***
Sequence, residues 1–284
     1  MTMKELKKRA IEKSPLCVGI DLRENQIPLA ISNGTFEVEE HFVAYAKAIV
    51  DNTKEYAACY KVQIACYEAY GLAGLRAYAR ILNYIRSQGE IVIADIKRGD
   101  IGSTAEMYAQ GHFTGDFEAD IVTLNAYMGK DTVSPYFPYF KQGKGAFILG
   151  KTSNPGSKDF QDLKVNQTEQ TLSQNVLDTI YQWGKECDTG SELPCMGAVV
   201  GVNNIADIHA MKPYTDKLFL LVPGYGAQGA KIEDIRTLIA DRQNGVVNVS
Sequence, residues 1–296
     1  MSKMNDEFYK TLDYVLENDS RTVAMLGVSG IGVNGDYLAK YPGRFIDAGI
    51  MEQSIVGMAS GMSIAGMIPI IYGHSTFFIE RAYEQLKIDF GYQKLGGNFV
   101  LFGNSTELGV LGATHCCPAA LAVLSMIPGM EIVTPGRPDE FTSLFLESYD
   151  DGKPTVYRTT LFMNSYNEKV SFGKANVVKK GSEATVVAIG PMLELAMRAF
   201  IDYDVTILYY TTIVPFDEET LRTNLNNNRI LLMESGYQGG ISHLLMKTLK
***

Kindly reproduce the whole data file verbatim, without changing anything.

Sequence, residues 1–284
     1  MTMKELKKRA IEKSPLCVGI DLRENQIPLA ISNGTFEVEE HFVAYAKAIV
    51  DNTKEYAACY KVQIACYEAY GLAGLRAYAR ILNYIRSQGE IVIADIKRGD
   101  IGSTAEMYAQ GHFTGDFEAD IVTLNAYMGK DTVSPYFPYF KQGKGAFILG
   151  KTSNPGSKDF QDLKVNQTEQ TLSQNVLDTI YQWGKECDTG SELPCMGAVV
   201  GVNNIADIHA MKPYTDKLFL LVPGYGAQGA KIEDIRTLIA DRQNGVVNVS
Sequence, residues 1–296
     1  MSKMNDEFYK TLDYVLENDS RTVAMLGVSG IGVNGDYLAK YPGRFIDAGI
    51  MEQSIVGMAS GMSIAGMIPI IYGHSTFFIE RAYEQLKIDF GYQKLGGNFV
   101  LFGNSTELGV LGATHCCPAA LAVLSMIPGM EIVTPGRPDE FTSLFLESYD
   151  DGKPTVYRTT LFMNSYNEKV SFGKANVVKK GSEATVVAIG PMLELAMRAF
   201  IDYDVTILYY TTIVPFDEET LRTNLNNNRI LLMESGYQGG ISHLLMKTLK